Greenway official praises fire response, regrets inconvenience

Greenway official praises fire response, regrets inconvenience
Staff Reporter
It’s one day at a time for Jack Jernigan as cleanup continues for the burned-out Greenway Recover & Recycle in Union City.
“We’re just taking it day by day — that’s it,” Jernigan said. “We’ll worry about tomorrow, and tomorrow and the next day, and that’s kind of how we’re doing it right now. … It’s just cleanup, cleanup, cleanup.”
Jernigan, Greenway’s president of operations, expressed appreciation to everyone involved with fighting the fire that destroyed the company’s building a week ago and apologized to the community for the inconvenience.
“We thank everyone — the fire department, the ambulance service, the other towns that came (with firefighting personnel and equipment) — for all the hard work they did,” he said Wednesday afternoon at the site. “But we also apologize for the inconvenience, and I know a lot of people were upset. We do apologize for that.”
The Union City Fire Department responded to the fire at Greenway at 1610 North Morgan St. Ext. in Union City’s industrial park at 11:10 a.m. Sept. 13. Smoke billowed for hours as some 50 firefighters from six area fire departments tried to control the fire, but they were hampered inside the 60,000-square-foot building by very poor visibility from thick smoke and difficulty maneuvering around huge bales of cardboard and plastic.
Due to safety concerns, fire officials decided to pull back crews after already having fought the fire for several hours last Thursday evening. The roof ultimately collapsed and a spectacular blaze erupted about 9 p.m. after a back door blew out, igniting baled material behind the building.
Union City fire officials have indicated the blaze apparently began when a baling machine caught fire inside the recycling center.
Firefighters remained on the scene throughout the weekend and into Monday with a skeleton crew to extinguish hot spots, with command finally officially terminated nearly 99 hours after Union City firefighters had responded.
The Environmental Protection Agency arrived at the scene Friday and a contracted crew separated smoldering piles and brought in truckloads of sand to cover the debris at Greenway.
Jernigan told The Messenger the EPA “tested everything and it’s all good.” He said there is nothing hazardous and nothing to be worried about, adding that the burned cardboard and plastic material “just stinks.”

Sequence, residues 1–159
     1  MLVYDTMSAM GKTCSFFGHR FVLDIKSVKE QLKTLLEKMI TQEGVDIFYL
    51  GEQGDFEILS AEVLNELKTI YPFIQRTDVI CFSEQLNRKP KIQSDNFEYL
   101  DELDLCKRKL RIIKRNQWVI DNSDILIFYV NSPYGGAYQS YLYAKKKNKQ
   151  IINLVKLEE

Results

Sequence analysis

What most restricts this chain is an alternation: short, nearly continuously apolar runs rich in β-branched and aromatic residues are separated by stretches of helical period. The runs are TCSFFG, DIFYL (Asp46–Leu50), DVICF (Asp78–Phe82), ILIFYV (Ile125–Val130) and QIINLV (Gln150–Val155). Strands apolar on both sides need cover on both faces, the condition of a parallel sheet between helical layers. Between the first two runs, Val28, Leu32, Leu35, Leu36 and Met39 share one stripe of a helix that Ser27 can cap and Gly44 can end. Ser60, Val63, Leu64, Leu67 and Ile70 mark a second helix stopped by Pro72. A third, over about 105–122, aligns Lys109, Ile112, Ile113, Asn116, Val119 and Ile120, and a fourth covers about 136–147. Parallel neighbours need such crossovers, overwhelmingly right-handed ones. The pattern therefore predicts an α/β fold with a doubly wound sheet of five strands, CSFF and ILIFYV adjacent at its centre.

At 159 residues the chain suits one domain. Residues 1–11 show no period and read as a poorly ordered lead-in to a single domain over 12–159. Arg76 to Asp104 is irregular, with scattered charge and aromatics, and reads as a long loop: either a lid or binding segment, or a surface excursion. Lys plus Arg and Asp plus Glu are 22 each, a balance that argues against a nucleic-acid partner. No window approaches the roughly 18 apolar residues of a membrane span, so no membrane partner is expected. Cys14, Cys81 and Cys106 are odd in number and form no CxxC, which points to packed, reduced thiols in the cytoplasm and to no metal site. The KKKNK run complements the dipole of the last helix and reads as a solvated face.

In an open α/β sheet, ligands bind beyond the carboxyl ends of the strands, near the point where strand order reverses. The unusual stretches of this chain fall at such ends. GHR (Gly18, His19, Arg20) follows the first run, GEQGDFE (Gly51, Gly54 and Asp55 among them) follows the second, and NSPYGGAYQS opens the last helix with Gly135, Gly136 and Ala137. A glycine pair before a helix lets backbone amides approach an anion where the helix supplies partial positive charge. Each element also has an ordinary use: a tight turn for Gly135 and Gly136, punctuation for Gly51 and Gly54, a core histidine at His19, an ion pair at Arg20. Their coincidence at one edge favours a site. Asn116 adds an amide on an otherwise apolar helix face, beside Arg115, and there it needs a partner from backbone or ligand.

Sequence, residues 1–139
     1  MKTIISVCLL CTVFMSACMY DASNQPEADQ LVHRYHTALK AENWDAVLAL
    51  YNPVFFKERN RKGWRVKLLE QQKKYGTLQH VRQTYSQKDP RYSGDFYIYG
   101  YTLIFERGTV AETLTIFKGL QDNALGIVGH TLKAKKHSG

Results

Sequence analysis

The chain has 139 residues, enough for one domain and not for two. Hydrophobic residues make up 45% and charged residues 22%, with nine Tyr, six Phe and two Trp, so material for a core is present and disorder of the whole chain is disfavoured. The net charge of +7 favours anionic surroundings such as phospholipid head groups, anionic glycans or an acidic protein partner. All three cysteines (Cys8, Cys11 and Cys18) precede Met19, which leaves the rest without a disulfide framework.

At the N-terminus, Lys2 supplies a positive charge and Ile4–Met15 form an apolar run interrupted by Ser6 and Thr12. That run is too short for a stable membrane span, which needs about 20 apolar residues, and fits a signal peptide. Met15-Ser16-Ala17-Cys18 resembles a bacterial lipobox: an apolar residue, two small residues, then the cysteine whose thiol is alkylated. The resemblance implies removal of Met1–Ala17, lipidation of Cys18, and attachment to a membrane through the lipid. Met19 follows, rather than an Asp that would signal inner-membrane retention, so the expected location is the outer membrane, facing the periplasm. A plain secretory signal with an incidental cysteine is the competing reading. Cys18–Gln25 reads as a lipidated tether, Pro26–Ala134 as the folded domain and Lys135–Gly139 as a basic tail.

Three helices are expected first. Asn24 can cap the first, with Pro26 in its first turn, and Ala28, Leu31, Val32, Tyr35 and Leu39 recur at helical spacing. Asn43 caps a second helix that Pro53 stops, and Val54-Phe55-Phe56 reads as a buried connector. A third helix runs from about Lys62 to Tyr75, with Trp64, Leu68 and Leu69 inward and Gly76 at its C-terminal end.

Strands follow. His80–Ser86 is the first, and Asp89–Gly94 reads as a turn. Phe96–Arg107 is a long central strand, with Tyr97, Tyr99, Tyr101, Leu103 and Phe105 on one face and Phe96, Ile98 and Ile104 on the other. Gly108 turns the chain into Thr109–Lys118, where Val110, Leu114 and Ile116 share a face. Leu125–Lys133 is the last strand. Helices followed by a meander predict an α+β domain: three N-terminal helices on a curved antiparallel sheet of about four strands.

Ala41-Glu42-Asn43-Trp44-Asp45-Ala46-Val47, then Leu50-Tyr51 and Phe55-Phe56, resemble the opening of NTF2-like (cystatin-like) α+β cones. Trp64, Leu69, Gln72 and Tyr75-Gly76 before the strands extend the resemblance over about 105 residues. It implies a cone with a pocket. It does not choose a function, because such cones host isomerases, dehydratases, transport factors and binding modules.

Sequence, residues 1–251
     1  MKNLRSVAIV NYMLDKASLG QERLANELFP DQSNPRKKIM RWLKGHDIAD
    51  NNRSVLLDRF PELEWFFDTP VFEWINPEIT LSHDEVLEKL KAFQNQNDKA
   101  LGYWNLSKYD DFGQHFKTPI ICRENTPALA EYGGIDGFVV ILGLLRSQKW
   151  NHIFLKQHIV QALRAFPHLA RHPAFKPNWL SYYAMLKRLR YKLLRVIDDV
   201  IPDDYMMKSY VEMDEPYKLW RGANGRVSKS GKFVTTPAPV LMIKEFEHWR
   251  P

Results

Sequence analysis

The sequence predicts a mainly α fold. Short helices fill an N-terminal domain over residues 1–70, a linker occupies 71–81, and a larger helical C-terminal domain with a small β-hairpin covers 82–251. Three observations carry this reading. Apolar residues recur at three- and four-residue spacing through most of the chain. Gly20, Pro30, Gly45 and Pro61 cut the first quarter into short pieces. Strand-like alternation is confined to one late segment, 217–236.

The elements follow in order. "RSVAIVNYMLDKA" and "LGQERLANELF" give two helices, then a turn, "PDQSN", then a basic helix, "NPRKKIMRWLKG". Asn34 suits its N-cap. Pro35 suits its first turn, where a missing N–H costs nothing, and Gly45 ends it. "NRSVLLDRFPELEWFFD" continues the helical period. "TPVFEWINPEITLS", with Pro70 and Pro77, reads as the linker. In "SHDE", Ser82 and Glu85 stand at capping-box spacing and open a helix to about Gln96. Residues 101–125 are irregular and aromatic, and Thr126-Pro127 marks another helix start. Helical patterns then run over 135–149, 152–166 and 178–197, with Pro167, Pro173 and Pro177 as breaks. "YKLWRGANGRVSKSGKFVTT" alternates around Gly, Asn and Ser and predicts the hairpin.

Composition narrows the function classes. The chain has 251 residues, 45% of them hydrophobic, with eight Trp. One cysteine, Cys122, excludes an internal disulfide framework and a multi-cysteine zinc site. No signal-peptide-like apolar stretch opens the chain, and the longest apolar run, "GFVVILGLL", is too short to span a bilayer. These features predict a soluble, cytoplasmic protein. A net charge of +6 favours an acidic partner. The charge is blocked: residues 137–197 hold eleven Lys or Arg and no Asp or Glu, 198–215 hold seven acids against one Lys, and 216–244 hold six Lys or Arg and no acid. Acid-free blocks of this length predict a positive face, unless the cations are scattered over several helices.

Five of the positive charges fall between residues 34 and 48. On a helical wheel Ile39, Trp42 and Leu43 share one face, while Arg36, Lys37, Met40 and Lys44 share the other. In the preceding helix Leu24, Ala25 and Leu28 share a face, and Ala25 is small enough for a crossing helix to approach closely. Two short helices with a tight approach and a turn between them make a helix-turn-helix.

Union City Fire Chief Kelly Edmison said earlier this week officials monitored air quality and confirmed no health hazard, but he is still awaiting a report regarding some fish kill in Hoosier Creek. He said authorities are leaning toward the possibility of it being an abundance of treated water going into such a small creek at such a rapid rate.
“It’s a sudden change in the type of water,” Edmison said today, emphasizing there is nothing wrong with the city’s water. “But when you get that much water into a small area with fish … it’s the same as pouring into an aquarium.”
City officials have figured a total of about two million gallons of waters — and maybe a little more — was flowed from start to finish during the Greenway fire.
Jernigan said Wednesday the EPA spent the weekend at the fire scene and someone from Greenway’s staff stayed with them the entire time.
“We stayed with them. There was either myself, my brother or some of the other Greenway employees,” Jernigan said. “We stayed here the whole time. We were here as long as there was some member of the EPA or the fire department or somebody … we were here.”
Greenway has a number of employees and Jernigan said the industrial park location had about 15 employees, which included warehouse workers and truck drivers among the personnel. Since the fire, several have been laid off, while some others are involved in the cleanup.
“For the time being, we’ve had to lay off several of them,” he said. “We’ve got a skeleton crew that’s still here, kind of just organizing the mess we have here and unloading and rearranging some of the trailers and trying to reroute some of this stuff directly to some other recyclers in the nearby area. That’s kind of what we’re doing now.
“The adjusters and different inspectors and what-not have been coming by and just trying to answer whatever questions,” he added.
Jernigan said the fire was a setback for Greenway and cleanup is currently the priority before any future plans are made.
“As far as the future — this is not going to put us out of business or anything like that, but it definitely sets us back, and we’ll work hard,” he said. “Our number one priority right now is to do whatever we’ve got to do to help get this place cleaned up. That’s our number one priority. Whatever the future holds, if we’re able to do something and bring back some of these people that we laid off, that would be great. If not, we’ll just see what happens.”
He said he does not believe rebuilding at the industrial park site will be an option, though.
He also confirmed he had been working with Union City’s code enforcement recently in regard to cleaning up some things at Greenway and he said they had been making progress “when this (the fire) happened.”
Published in The Messenger 9.20.12

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